Thursday, June 26, 2008

Stumbling blocks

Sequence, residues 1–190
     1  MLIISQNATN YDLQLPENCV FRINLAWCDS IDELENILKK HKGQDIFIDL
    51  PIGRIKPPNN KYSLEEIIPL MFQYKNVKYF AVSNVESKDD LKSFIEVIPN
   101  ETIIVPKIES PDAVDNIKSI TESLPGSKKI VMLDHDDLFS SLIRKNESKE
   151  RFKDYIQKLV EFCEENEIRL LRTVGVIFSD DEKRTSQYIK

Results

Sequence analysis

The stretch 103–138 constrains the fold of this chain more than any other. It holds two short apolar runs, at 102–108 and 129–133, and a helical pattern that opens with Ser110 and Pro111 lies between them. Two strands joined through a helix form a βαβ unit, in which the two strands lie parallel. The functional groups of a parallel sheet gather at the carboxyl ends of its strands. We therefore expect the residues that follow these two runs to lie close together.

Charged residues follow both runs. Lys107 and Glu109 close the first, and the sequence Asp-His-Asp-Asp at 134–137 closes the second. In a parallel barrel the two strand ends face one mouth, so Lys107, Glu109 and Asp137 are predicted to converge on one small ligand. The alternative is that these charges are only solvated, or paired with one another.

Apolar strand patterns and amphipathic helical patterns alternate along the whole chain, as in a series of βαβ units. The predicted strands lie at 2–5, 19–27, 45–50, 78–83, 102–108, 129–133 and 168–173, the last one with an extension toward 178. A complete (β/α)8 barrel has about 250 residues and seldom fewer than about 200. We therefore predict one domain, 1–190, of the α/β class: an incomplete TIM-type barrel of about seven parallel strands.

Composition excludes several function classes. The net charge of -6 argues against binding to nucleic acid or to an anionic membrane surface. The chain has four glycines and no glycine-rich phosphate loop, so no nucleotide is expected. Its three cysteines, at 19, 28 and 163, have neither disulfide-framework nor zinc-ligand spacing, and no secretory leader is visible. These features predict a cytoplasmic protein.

When you talk about public sculpture (and we do a lot) it would be hard to find a better example than a series of brass sculptures here in Berlin. Unlike most public sculptures that hog the skyline or pompously memorialise experiences or people, these works are small, discreet and deeply emotional. In fact we walked straight past three of them for a week without noticing, making our discovery all the more powerful for it. They are called Stolpersteine (stumbling blocks) and are a public art project by Cologne artist Gunter Demnig. Since 1996 he has been embedding 10.2 cm (four inch) square brass blocks outside the last known residence of victims of the Nazis. The blocks are stamped with the victim’s name, date of birth, when they were taken, where they were taken to and what happened to them. There are around 1,500 in Berlin and more than 12,000 throughout Germany. The first one was located outside a residence in Kreuzberg, the district of Berlin we are staying in. These small sculptures are insistently personal and their intensely local focus offers no escape from the reality they commemorate. The idea now has its own momentum and today relatives are commissioning Stolpersteine for members of their families. Berlin has other more famous, and grander, memorials to the holocaust, but for us none of them come close to the provocation and emotional power of a single Stolpersteine.